Howlers and Hikers
Mornin', Tribe. Hope y'all had a great week. Once again, Central America proved to be a great choice for a vacation. This time, we were in Costa Rica. My wife, Lisa, likes the beach, I like mountains and Cowboy Luke likes pretty much anywhere you can get ice cream. Costa Rica is all beach and mountain, with many heladerias (ice cream shops), so everyone was happy.
Programming notes, for those of you who don't especially want to read my summary of the trip: I'll be posting over at ESPN today, but as I have to turn around this Cliff Drysdale piece for the mothership (Tennis magazine) in two days time, blogging will be light for the next few days. Of course, I'll drop a Watercooler every day and hope we'll be back to business as usual by Wednesday.
I want to publicly thank the Mod Squad for doing its usual, fine job in my absence, along with Kamakshi (Tennis.com's webmistress), who directed traffic and posted many of the TW entries that appeared while I was away. And, of course, special thanks to our TW contributing editors and writers - Richard, James, Ed, Rosia, Andrew. . .
Our trip to Costa Rica was a big success; it was smooth, easy, and fun - which isn't always the case if you're knocking around some country instead of holing up in a luxury resort of some kind. Lisa aced the research, and found us three great places to hang out hats - all of them smallish, family-type establishments offering a nice combination of privacy and, well, connection with our hosts, or the local culture. We stayed for about five days in the high country near the Arenal volcano and then Monteverde, and three days on the Pacific coast at Playa Carillo (no relation to Mary).
Lisa had booked a number of tours in the vicinity of the Arenal rain forest and the Cloud Forest at Monteverde. This was my first real exposure to "eco-tourists" - you know, those earnest folks who don't go anywhere without the birding book, the backpack, the quick-dry, zip-off-at-the-knee "adventure" pants, telescoping walking sticks, and "technical" shoes (which is odd, because on these guided tours, you're obliged to remain on nicely graded and smooth trails).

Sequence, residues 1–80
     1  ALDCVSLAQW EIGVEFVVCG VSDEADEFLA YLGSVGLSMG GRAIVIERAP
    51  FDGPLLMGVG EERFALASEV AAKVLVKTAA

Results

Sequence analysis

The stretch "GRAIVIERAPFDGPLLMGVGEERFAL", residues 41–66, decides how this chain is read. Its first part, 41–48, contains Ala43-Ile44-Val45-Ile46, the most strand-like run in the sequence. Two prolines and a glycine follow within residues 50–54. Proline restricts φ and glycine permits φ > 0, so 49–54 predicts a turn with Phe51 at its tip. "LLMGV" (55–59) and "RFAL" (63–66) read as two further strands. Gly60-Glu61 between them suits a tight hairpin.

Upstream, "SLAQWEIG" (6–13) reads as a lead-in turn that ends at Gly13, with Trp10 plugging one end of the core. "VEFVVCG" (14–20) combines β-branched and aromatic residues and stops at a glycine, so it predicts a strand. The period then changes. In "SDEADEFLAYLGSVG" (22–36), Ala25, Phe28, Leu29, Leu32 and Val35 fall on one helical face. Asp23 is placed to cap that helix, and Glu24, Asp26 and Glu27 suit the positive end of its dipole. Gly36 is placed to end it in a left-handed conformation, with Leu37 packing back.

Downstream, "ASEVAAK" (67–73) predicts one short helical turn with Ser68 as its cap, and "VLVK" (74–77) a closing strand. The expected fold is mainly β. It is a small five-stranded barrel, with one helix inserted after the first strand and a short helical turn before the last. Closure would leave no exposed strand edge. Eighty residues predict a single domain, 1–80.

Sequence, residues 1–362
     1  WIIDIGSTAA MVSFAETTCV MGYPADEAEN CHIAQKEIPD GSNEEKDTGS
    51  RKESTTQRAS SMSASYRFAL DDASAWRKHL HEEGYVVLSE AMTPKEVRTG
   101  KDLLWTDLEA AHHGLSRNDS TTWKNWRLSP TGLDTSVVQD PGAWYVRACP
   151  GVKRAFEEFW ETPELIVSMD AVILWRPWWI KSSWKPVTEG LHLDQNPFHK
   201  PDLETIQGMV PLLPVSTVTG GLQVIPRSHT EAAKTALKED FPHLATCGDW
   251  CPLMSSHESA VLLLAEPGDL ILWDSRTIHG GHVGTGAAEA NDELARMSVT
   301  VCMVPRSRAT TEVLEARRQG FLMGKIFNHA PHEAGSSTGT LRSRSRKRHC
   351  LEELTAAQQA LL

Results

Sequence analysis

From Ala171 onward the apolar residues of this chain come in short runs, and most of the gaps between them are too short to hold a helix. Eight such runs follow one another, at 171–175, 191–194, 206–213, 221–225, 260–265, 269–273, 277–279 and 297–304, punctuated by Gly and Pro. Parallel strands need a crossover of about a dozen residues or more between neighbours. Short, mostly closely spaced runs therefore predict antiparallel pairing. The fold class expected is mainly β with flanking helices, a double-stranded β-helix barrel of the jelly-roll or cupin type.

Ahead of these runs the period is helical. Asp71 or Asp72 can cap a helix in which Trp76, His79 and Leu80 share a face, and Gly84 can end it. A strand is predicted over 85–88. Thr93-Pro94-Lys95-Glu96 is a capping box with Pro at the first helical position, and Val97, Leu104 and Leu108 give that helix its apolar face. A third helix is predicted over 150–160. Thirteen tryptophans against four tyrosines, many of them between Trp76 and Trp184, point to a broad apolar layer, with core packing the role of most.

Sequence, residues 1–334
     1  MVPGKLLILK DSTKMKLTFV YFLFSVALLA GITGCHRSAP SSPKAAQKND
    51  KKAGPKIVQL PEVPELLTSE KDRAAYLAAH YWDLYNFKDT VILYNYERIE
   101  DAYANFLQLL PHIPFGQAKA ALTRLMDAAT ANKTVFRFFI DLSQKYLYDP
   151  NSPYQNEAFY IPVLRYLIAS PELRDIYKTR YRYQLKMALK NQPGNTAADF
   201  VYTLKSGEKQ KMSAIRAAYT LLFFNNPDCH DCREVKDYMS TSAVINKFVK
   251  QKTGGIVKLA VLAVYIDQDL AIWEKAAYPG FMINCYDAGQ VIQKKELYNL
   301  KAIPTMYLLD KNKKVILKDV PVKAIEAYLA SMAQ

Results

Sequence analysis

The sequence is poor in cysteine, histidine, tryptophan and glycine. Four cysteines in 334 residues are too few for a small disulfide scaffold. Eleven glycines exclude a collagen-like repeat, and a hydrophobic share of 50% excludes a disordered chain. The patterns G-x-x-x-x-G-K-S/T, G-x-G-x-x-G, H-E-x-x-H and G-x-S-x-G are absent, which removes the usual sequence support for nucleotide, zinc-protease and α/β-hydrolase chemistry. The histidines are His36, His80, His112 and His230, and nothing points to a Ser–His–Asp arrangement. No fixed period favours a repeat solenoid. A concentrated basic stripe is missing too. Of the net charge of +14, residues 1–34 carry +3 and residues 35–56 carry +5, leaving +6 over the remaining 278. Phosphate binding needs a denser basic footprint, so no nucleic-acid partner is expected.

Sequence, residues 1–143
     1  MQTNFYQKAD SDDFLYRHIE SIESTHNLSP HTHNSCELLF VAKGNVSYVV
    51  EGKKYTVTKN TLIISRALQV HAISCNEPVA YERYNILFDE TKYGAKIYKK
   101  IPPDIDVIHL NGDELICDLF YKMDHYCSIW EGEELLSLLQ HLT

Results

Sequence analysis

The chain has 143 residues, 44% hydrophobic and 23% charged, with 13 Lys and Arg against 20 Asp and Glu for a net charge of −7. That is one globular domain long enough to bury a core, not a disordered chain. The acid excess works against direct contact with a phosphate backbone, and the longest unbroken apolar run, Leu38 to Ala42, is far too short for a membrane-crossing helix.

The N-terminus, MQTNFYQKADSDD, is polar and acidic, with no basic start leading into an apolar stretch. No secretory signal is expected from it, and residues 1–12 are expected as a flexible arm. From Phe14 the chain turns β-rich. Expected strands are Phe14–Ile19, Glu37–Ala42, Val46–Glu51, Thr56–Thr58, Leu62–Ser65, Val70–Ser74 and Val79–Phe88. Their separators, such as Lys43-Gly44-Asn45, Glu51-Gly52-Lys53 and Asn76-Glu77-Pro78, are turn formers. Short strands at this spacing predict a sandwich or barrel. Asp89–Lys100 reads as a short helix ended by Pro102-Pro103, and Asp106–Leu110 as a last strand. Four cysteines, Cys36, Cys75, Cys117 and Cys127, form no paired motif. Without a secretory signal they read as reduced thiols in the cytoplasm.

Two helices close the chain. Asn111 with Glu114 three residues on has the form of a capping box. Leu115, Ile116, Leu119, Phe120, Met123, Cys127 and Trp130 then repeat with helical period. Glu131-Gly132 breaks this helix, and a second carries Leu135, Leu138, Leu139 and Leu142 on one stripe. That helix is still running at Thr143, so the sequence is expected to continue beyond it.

I found it kind of depressing the way my fellow tourists would all gather around some little tree frog or three-toed sloth and listen, rapt, to a half-hour lecture on the danged thing, then spend another 15 minutes taking pictures of it, while this voice in my head was screaming, louder and louder by the minute: People, it's a friggin' frog - not that I have anything against frogs or they're not cute or anything, but. . . it's a frog!!!!!
Maybe Lisa's right about me being a butthead about all this but, hail, I guess I'm just into large mammals or something. I confess I can't get too fired up about seeing a hummingbird - not unless it happens to be flying with a big old racoon or woodchuck dangling from its beak. Lisa was more understanding of the reigning sensibility, but Luke decidedly was not. He was less interested in contemplating the ways of the Leafcutter ant (Not that I have anything against Leafcutter ants!) than in swinging from vines (not allowed), stripping ferns (Please! Do NOT touch the flora and fauna!) and throwing rocks off the narrow, semi-scary hanging (read: swinging) bridges - a practice I aggressively tried to prevent, purely out of consideration for my fellow travelers.
But the little cowpoke is as crafty as a pickpocket about such things, and I'm just glad he didn't bean some poor Howler monkey - or hiker - with any of the things he chucked over the railing.
When I asked Luke today what part of the trip he liked best and least, he replied promptly. He most enjoyed our long trail ride on horseback in the mountains aboard Luna Azul (a fine little filly). He was adamantly unimpressed by the guided tours, or, as he put it "Going in the rain forest with the teachers. . ."
I just didn't have the heart - or dishonesty, I guess - to try to move him off his position.
The last portion of our trip was spent on Playa Carillo on the Nicoya peninsula. It's a large, picturesque, beautifully sheltered bay right off the Pacific, and there could not have been more than two dozen people along the two-mile stretch of fine-sand beach at any given time. The bay effect kept the breakers to a mangeable three and four feet - just enough to make tackling them both joyful and daunting for Luke. He wore himself out, allowing the waves to cuff him around, with his floatation vest serving him like a built-in boogie board.
We had quite lunches and dinners, either in Playa Carillo or nearby Samara (which is slightly larger, but still small). The Costa Ricans were friendly, helpful and courteous - it was especially noticeable in restaurants, stores and at gas stations, where the help often has every right to cop an attitude with gringo tourists afoot. Nobody ever did. It was a terrific trip, and I'd return in a heartbeat.